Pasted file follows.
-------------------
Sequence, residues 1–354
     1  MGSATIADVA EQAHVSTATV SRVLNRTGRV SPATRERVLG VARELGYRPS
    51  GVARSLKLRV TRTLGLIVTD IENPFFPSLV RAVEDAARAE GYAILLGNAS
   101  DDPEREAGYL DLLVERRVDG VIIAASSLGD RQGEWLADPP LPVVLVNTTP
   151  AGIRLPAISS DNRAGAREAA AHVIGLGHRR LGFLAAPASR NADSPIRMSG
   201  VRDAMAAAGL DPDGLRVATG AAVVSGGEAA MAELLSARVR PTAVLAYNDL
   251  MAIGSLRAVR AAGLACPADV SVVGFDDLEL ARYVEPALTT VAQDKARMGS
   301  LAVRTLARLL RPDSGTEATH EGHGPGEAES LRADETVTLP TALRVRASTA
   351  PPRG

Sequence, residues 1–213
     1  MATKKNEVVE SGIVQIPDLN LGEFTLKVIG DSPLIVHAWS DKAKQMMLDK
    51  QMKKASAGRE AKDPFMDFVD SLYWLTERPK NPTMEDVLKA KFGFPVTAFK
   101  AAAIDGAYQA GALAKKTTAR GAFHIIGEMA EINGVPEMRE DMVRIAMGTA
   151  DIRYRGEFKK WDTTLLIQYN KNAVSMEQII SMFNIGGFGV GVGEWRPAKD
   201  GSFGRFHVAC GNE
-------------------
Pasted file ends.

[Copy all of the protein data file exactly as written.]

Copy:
Sequence, residues 1–354
     1  MGSATIADVA EQAHVSTATV SRVLNRTGRV SPATRERVLG VARELGYRPS
    51  GVARSLKLRV TRTLGLIVTD IENPFFPSLV RAVEDAARAE GYAILLGNAS
   101  DDPEREAGYL DLLVERRVDG VIIAASSLGD RQGEWLADPP LPVVLVNTTP
   151  AGIRLPAISS DNRAGAREAA AHVIGLGHRR LGFLAAPASR NADSPIRMSG
   201  VRDAMAAAGL DPDGLRVATG AAVVSGGEAA MAELLSARVR PTAVLAYNDL
   251  MAIGSLRAVR AAGLACPADV SVVGFDDLEL ARYVEPALTT VAQDKARMGS
   301  LAVRTLARLL RPDSGTEATH EGHGPGEAES LRADETVTLP TALRVRASTA
   351  PPRG

Sequence, residues 1–213
     1  MATKKNEVVE SGIVQIPDLN LGEFTLKVIG DSPLIVHAWS DKAKQMMLDK
    51  QMKKASAGRE AKDPFMDFVD SLYWLTERPK NPTMEDVLKA KFGFPVTAFK
   101  AAAIDGAYQA GALAKKTTAR GAFHIIGEMA EINGVPEMRE DMVRIAMGTA
   151  DIRYRGEFKK WDTTLLIQYN KNAVSMEQII SMFNIGGFGV GVGEWRPAKD
   201  GSFGRFHVAC GNE